It’s been 20 days since I gave birth to my baby boy. My body, mind and spirit are still adjusting to the new adventure called motherhood and I can’t deny that it has been overwhelming: more challenging than I have ever imagined. My schedule, daily routine and habits are going through major changes. So is my diet.


During the 9 months of pregnancy I managed to establish a healthy and balanced way of eating, rich in natural, non-refined or processed foods. I was physically active until the end: walking, doing prenatal workouts and yoga. I gained 12 kg, and after giving birth to a 4.250 kg, 55 cm – baby, I lost all of them at once. In fact, I now weight less than I used to in my pre-pregnancy era. 


Yet, as a mother that has chosen to sustain exclusive breastfeeding for at least 6 months, I had to adjust my diet once again in order to provide optimal nutrition for my baby and enhance the nutrients found in my breast milk. I found out that breastfeeding was very demanding on my body. I was feeling more tired, hungry and thirsty than before, and I was craving sugar like crazy. I felt that my body needed additional calories, vitamins and minerals. And it wasn’t only about my child: I knew that he would get the nutrients he needed. It was important for me to get adequate nutrition for myself in order to recover more quickly. So I filled up on fresh fruits and vegetables, whole grains, natural non-processed carbohydrates, lean proteins, legumes, greens and natural mainly goat-milk based dairy.


And here are some new nutrition rules that I have embraced that might be useful to you too:


1. Eat protein rich foods like lean meats, eggs, fish and seafood, and dairy every day


Eating more proteins, especially animal-based, is essential not only for the nutrition value of your breast milk, but also for your speedy recovery. During the process of giving birth your body loses a significant amount of blood and lean proteins are what will help you recover, and boost your blood flow and energy levels. The sources of lean proteins are also going to enrich the nutrition value of your breast milk and make it stronger, and more beneficial for your baby.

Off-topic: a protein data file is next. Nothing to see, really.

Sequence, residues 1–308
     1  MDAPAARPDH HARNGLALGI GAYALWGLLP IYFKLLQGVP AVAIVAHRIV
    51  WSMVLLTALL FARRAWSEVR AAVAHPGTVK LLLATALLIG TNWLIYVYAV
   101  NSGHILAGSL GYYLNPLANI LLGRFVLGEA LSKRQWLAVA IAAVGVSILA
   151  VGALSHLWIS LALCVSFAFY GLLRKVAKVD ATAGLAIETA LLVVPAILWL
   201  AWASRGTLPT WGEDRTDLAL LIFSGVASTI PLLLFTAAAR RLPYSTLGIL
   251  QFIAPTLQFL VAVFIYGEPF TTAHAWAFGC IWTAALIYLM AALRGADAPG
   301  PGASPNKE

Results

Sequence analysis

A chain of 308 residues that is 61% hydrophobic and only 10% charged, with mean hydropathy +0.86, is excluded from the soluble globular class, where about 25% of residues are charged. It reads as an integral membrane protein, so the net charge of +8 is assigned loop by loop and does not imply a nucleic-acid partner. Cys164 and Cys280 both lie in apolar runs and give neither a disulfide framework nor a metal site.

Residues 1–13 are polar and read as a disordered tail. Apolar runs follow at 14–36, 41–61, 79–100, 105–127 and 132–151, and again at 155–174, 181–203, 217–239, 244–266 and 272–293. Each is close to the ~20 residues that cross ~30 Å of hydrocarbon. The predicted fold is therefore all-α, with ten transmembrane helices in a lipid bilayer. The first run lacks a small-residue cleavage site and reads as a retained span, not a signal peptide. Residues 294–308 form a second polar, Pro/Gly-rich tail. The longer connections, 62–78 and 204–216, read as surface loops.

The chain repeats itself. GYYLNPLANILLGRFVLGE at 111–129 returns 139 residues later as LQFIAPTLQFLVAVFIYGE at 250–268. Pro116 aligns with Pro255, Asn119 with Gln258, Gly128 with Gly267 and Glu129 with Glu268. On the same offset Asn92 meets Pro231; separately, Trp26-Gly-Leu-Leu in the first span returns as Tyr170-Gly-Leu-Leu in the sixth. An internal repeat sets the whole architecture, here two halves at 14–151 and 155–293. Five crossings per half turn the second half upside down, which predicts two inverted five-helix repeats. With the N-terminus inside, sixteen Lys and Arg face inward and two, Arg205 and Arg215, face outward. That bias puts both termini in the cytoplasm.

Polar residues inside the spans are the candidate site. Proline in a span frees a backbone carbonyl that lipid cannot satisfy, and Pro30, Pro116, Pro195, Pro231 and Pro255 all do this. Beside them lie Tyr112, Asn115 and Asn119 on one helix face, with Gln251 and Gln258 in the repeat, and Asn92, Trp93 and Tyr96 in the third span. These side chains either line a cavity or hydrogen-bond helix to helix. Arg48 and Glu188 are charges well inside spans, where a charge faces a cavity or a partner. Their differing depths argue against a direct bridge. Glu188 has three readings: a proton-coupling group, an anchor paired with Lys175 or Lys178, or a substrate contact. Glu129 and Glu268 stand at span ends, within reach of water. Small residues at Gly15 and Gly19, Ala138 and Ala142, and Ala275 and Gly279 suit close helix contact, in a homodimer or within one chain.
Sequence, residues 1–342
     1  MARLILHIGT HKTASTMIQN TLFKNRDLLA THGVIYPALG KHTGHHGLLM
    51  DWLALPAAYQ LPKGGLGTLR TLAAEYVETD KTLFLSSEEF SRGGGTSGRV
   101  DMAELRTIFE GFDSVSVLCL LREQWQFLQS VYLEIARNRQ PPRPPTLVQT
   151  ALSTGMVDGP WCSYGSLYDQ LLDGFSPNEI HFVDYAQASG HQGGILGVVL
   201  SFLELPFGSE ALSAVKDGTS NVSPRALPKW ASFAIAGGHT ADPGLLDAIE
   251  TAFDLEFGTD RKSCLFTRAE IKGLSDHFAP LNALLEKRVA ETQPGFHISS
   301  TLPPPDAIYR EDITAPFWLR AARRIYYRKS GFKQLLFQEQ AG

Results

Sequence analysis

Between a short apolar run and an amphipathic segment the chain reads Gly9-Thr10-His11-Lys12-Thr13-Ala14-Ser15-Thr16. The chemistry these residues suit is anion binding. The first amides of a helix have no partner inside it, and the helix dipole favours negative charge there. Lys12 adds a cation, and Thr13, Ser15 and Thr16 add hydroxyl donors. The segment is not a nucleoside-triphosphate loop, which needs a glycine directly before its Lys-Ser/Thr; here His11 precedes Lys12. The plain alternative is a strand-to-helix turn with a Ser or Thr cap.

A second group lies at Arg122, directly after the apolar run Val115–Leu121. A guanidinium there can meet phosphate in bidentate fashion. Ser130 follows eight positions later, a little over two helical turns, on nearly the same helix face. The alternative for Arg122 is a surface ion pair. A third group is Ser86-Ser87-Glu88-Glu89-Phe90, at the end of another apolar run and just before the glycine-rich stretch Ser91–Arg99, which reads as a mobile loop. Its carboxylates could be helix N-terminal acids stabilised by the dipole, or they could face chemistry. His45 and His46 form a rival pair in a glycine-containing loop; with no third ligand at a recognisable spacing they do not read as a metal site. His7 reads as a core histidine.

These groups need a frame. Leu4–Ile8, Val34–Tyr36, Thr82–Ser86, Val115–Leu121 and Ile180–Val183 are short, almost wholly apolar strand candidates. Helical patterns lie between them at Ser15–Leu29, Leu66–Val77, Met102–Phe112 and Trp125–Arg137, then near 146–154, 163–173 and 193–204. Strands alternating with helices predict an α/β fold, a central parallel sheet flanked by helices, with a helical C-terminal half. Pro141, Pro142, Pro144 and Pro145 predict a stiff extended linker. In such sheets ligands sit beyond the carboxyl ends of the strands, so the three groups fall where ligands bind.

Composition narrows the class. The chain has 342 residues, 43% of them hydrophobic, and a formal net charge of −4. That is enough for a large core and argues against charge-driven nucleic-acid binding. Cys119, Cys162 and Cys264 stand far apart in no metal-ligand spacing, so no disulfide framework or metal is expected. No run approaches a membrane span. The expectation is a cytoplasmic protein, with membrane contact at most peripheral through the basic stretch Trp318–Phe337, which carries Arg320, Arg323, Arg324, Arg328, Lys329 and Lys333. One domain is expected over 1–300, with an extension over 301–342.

Knowing all that, I had to force myself to build the habit of eating animal-based proteins on a daily basis. This step was not easy for me as I am not a huge fan of meat, eggs and dairy. However, I must confess that it felt like my body was in natural need of more animal-based proteins and once I established the habit of eating them I even started to enjoy them.


Note: If you are vegan or vegetarian you have to be aware that to maintain the same levels of protein content into your breast milk, you will have to make more adjustments to your diet. You should eat a bigger amount of proteins, as plant-based proteins are not as powerful as animal-based.  You may also have to start taking a variety of supplements like iron, calcium, vitamin B-12 and D.


2. Adjust my water intake


When breastfeeding you produce on average 750 to 850ml of milk a day and your body is more sensitive to dehydration. This can make you feel more tired. That is why you have to increase the amount of water you drink daily and In fact, for me this happened quite naturally as I was thirsty all the time, including during the night.


In Europe, it is recommended to drink around 2 liters of water a day, or the equivalent of 10 glasses of waterBut try to neither limit yourself, nor force it. If you need to drink more than 2 liters - go ahead. And if 2 liters is just too much for you, then drink as much as your body tells you to. Try to stick to just pure water (filtered or with light mineralization) and avoid drinks high in added sugars, caffeine, tannin or alcohol.


3. Limit my daily fruit intake


I simply adore all types of fruit (except durian). But it turned out that eating an extensive amount of fruit, as I usually do, causes diarrhea to my baby. So I had to limit my fruit intake to up to 2 cups a day and completely exclude fruits such as cherries, plums, pears, peaches and apricots for a while.


4. Pay attention to possible allergic reactions to foods


The belief that while breastfeeding you have a very limited selection of foods that you could eat is outdated. You are allowed to eat everything (except for fatty, highly processed junk foods), but in moderation


However, you have to be aware of the fact that sometimes your baby can be sensitive to something you eat and may display sensitivity symptoms or allergic reaction. Limit or stop eating the foods that seem to bother her/him and the symptoms should fade on their own.


So you wanted to know what exactly do I eat for rich and nutritious breast milk? Here is an exemplary daily menu: what I eat in a day.



First thing in the morning: 2 spirulina tablets with a shot wheatgrass (1 tsp.

dissolved into a full glass of water) and a probiotic



Gluten-free oats soaked into oat milk topped with banana, pineapple and coconut flakes



Sweet potato-eggs muffins (recipe on 2 Health App) with a big green salad with radish and cucumber 



Gluten-free banana pancakes with maple syrup and fresh fruit (recipe here)



Oven-baked salmon with mixed greens with avocado, red pepper and rich tahini dressing

Interested in more pregnancy and motherhood-related topics? Check out 4 THINGS I SEE DIFFERENTLY SINCE I GOT PREGNANT.


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